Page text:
The present invention relates generally to an apparatus used for playing a game, and more particularly to an apparatus comprising a rope device which is wrapped around a drum, the drum being rotatably mounted on a frame normally resting on a flat surface, wherein one or more contestants on each side of the drum pull on a portion of the rope on each respective side of the frame, the drum rotating according to the drum and letting out or wrapping up the rope according to which contestants are pulling the hardest away from the drum. The pulling lengths of the rope portions are continuously visibly displayed on a scoreboard assembly associated with the drum such that spectators can readily see which side is winning by viewing a display which indicates not only which side is winning but by how much.
The scoreboard assembly is shaped in the form of a person having raised arms stretching outwardly from the torso, which arms show incremental panels of different colored material from the shoulders to the hands. Behind the torso, head and arms are light elements which are electrically connected to the drum, such that as the drum rotates in one direction certain lights are energized to light up the panel(s) in front thereof, this visibly indicating to the audience, and even the contestants, the current status of the game.
These and other attributes of the invention will become more clear upon a thorough study and review of the following detailed description of the best mode for carrying out the invention, particularly when reviewed in conjunction with the drawings, wherein:
FIG. 1 comprises a perspective view of the tug-of-war game;
FIG. 2 comprises an enlarged front elevational partial view of the display;
FIG. 3 comprises an enlarged top plan view, partly broken away, of the drum, rope and frame elements of the game;
FIG. 4 comprises a further enlarged sectional view taken along the line 4--4 of FIG. 3 of a roller unit for guiding the rope portions;
FIG. 5 is a vertical sectional view taken along the line 5--5 in FIG. 3;
FIG. 6 is a view comparable to FIG. 2, but with the display panel removed to show the interior lighting arrangement of the display;
FIG. 7 is an electric schematic of the control unit for the game and certain lighting units controlled thereby in the display;
FIG. 8 is an electric schematic of the drum selector switch unit and certain display lighting elements controlled thereby; and
FIG. 9 is an electric schematic of the timer relay and signal relay circuits for the game.
Referring now to the drawings, and in particular to FIG. 1, the tug-of-war game may be seen as depicted generally by the numeral (10). More specifically the game (10) comprises a drum (11) (FIGS. 3 and 4) rotatably mounted on a frame assembly (12), and about which is wrapped elongated unit (13), i.e., a rope having a first portion (14) and a second portion (16) extended to each respective side of the frame assembly (12) as best seen in FIG. 1.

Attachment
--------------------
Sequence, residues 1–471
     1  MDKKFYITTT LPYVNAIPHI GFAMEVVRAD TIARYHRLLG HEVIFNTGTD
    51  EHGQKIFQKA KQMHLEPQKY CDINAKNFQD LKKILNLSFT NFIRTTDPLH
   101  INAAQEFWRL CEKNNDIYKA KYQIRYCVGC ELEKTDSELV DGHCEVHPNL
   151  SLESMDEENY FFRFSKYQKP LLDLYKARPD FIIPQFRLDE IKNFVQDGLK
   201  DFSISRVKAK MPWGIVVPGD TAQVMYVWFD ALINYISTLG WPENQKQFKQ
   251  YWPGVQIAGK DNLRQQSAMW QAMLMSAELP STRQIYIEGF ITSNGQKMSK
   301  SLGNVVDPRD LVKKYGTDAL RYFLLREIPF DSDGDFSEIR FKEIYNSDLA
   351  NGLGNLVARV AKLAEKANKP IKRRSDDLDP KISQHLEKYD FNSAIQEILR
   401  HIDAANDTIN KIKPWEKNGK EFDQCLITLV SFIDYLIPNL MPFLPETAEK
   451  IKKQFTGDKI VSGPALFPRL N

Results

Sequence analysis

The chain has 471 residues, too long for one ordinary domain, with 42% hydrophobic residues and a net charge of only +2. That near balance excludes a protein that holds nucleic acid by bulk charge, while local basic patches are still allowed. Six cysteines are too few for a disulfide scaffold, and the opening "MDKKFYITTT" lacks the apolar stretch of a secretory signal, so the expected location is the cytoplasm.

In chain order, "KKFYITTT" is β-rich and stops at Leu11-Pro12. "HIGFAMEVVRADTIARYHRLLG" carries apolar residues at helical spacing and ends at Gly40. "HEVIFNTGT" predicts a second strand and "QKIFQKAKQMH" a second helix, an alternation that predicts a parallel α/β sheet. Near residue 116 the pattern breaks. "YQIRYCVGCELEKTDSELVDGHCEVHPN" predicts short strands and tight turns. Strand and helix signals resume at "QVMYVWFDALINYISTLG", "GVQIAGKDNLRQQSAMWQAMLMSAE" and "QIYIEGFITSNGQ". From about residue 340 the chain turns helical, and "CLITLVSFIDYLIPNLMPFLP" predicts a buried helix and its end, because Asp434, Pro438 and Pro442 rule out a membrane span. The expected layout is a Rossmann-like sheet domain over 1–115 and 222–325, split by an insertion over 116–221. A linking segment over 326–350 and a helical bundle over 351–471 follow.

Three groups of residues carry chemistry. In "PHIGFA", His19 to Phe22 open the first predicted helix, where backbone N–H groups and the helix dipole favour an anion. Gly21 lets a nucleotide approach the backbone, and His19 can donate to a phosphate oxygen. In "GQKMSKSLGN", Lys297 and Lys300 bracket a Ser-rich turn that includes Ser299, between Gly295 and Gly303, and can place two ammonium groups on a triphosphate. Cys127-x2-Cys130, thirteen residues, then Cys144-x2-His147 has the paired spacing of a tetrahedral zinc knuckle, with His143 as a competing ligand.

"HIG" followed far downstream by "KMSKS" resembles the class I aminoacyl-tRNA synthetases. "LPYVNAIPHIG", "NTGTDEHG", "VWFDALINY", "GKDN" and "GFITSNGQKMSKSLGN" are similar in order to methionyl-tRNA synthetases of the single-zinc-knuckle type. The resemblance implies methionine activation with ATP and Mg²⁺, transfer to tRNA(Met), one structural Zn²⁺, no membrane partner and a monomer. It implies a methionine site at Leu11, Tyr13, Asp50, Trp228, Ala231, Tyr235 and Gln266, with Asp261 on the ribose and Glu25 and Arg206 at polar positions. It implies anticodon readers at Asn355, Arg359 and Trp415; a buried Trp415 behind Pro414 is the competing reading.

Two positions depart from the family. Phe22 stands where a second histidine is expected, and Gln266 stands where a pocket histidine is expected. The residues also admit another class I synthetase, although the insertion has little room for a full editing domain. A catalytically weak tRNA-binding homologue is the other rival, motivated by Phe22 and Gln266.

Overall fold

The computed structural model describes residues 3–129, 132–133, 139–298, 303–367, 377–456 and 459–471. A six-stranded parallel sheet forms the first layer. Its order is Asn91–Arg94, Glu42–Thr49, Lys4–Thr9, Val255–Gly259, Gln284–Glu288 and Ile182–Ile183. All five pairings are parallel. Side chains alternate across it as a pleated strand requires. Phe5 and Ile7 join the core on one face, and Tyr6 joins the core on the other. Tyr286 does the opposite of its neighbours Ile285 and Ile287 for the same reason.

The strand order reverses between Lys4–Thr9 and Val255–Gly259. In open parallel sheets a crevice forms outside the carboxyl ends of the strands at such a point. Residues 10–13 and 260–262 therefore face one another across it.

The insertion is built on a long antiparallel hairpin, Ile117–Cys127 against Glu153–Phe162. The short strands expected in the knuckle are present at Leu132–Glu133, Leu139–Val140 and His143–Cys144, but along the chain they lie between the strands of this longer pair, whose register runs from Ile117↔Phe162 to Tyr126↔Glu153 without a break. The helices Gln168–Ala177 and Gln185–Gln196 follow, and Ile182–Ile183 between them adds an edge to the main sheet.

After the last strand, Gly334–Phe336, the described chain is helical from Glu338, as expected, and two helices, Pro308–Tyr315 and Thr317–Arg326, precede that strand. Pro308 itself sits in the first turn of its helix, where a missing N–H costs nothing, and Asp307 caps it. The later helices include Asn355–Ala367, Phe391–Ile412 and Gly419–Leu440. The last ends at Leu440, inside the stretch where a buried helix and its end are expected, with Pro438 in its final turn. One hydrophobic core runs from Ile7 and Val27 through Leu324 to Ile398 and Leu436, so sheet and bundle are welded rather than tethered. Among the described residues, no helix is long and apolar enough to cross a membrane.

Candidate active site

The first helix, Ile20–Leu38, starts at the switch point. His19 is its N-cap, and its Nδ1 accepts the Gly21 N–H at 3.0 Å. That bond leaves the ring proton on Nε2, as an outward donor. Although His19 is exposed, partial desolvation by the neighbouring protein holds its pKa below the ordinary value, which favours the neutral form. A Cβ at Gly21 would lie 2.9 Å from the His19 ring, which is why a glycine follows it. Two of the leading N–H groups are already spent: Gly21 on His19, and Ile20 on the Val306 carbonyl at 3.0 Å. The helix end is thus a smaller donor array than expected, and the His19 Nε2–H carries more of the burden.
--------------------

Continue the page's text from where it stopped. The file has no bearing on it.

To record and visibly indicate to contestants and spectators alike the status of the game, a display unit (17) (FIGS. 1 and 2) or scoreboard is provided, the scoreboard (17) having a lighting and sound circuit described in more detail hereinafter, connected by an electric cord (18) to a wall plug (19) for receiving standard 115 volt housecurrent, current being supplied to a selector switch (25) (FIGS. 5 and 8) mounted on one end of the drum (11), by cord (20) and to a manual control box (21) (FIG. 1) by another cord (22).
The drum (11) comprises a circular core (23) (FIGS. 3 and 5) affixed between a pair of flat, circular discs (24) of a larger diameter than the core (23) in order to provide shoulders about the core (23) so as to contain the rope portions (14) and (16) as they are wound and unwound about the core (23). A pair of axially aligned stub shafts (26) are affixed to the outer sides of the discs (24) at their centers and are mounted in bearings (27) mounted to a bracket (28) on the frame assembly (12).
The frame assembly (12) comprises a barrel-shaped upper housing (29) (FIGS. 1 and 5) with a curved top (31) and vertical ends (32) mounted on a rectangular housing (33) for the drum support structure indicated generally in FIGS. 3 and 5 at (34). The housing (33) is mounted upon an elongated rectangular track unit (36) (FIG. 1) having side rails (37) and equadistantly spaced foot boards (38), the boards (38) extended normal or at right angles to the rope portions (14) and (16). Further, the foot boards (38) extend parallel to the axis of rotation of the drum (11). The combination of side rails (37) and foot boards (38) may be comprised of sections, such as track unit sections (36a), (36b) and (36c) on each side of the frame assembly (12), which sections are ccnnectable together to provide an adjustable length track unit (36).